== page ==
On seeing Astra Taylor’s What is Democracy?

by Chris Bertram on October 22, 2019

I went to see occasional Timberite Astra Taylor’s remarkable film *What is Democracy?* last night. It takes us from Siena, Italy to Florida to Athens and from Ancient Athenian democracy through the renaissance and the beginning of capitalism to the Greek debt crisis, occupy and the limbo life of people who have fled Syria and now find themselves stuck. It combines the voices of Plato and Rousseau with those of ordinary voters from left and right, Greek nationalists and cosmopolitans, ex-prisoners, with trauma surgeons in Miami, Guatemalan migrants in the US, with lawmakers and academics, and with refugees from Syria and Afghanistan. All the while it poses the questions of whether democracy is compatible with inequality and global financial systems and the boundaries of inclusion.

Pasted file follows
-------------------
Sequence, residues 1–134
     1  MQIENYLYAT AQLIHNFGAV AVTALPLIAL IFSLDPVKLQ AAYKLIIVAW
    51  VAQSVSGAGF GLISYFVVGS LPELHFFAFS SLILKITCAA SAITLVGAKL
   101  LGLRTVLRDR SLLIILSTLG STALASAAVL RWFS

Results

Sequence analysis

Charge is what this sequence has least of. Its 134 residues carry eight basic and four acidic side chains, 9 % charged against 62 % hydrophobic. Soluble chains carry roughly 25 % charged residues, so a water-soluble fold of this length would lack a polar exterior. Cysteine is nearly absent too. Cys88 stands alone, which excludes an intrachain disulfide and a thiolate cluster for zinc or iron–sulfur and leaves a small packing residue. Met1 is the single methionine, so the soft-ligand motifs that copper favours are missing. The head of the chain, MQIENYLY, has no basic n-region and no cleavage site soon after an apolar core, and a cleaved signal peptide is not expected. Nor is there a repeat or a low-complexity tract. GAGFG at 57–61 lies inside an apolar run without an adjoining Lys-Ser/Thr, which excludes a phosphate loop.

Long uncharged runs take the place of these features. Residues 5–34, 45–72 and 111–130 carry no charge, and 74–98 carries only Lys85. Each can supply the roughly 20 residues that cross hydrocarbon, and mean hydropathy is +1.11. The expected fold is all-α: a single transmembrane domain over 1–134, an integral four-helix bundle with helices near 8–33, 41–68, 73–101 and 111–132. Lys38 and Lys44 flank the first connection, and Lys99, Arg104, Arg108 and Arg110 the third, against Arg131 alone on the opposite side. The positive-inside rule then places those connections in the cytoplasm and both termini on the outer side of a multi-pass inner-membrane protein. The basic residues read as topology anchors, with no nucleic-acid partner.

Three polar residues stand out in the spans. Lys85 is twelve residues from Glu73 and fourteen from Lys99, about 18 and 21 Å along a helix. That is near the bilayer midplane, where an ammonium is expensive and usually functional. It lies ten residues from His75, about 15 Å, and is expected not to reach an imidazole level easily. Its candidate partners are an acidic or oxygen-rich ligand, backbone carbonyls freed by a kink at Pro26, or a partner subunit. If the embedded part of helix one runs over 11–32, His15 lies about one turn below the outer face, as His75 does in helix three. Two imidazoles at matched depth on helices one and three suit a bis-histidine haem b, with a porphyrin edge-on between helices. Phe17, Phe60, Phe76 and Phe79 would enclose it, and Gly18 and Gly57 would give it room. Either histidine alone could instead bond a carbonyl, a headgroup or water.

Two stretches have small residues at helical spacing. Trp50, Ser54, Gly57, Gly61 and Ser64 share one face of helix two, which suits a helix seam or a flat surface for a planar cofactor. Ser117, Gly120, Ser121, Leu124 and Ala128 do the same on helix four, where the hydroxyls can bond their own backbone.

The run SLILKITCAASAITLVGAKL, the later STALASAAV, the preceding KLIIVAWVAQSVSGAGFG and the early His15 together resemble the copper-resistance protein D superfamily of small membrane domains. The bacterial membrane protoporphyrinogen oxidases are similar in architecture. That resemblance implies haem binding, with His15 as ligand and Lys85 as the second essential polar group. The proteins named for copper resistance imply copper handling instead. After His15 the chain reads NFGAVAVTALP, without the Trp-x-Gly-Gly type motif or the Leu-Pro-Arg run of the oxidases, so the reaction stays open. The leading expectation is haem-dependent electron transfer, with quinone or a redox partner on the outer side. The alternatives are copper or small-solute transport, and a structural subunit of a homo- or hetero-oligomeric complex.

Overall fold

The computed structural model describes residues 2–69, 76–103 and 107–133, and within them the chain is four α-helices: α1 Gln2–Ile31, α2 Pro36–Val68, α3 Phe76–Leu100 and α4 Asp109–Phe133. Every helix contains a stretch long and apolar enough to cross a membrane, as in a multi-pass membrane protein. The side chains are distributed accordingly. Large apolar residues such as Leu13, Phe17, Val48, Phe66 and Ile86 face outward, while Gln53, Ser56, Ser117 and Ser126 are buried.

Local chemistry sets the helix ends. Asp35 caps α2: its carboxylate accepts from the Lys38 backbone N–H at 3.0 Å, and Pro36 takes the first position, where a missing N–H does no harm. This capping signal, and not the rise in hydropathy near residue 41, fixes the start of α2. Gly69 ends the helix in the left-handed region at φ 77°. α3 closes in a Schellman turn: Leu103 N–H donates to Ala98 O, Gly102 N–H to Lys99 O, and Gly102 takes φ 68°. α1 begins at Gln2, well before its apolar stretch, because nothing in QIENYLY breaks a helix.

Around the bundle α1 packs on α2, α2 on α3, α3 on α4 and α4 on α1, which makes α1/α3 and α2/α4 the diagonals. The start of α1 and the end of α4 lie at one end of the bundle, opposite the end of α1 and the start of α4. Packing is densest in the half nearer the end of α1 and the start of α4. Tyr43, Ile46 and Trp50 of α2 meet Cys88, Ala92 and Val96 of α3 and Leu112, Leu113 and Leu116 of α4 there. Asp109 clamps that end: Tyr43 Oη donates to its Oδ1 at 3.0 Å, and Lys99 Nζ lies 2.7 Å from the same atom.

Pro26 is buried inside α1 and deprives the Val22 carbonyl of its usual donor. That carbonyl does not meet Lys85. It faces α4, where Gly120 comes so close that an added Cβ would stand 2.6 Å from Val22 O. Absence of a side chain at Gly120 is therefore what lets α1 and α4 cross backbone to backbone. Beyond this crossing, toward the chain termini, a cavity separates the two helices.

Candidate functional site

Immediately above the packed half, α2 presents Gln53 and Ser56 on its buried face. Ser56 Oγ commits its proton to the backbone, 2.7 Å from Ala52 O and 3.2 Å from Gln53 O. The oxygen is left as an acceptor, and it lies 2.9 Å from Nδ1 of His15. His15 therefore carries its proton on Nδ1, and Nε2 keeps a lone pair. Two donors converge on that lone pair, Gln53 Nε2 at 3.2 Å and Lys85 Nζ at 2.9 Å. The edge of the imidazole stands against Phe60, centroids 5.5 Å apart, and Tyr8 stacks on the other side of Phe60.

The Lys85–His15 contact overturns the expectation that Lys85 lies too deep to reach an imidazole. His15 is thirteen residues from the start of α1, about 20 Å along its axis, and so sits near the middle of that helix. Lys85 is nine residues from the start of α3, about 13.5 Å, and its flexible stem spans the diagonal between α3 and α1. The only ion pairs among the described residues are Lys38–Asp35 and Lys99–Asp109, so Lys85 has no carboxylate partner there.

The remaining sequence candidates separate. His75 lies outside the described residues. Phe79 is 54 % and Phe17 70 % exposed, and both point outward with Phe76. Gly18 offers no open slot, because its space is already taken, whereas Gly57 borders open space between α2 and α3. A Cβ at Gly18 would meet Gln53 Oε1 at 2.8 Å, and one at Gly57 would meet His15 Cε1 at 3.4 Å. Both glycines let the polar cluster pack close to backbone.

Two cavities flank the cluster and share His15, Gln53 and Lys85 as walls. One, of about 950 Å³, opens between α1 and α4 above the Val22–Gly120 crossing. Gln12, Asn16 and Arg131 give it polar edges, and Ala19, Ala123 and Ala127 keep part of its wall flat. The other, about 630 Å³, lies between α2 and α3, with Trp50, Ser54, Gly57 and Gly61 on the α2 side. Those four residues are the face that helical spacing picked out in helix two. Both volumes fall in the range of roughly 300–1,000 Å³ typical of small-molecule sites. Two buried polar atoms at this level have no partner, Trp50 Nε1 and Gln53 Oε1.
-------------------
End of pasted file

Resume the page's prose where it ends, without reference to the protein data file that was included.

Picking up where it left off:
Some of the testimonies are arresting: the ex-prisoner turned barber who tells us of his nine years in a US prison of a hunger strike when the authorities tried to take the library away and of his problems adjusting to life of the outside, to being around women, and the fact that he’s denied the vote. And all the time he’s telling you this with attention and passion he’s clipping a customers beard, which adds a note of tension. We hear from trauma surgeons who tell us of the levels of violence in Miami – so much blood that the city is used for training by medics from the US military – and the shock of cycling from one neighbourhood to the next and experiencing swift transitions from opulence to utter destitution. We hear from a young Syrian woman who relates how she had to leave Aleppo after her mother was wounded by a stray bullet in her own home and whose idea of democracy is a country where she can lie safely in her bed.
[click to continue…]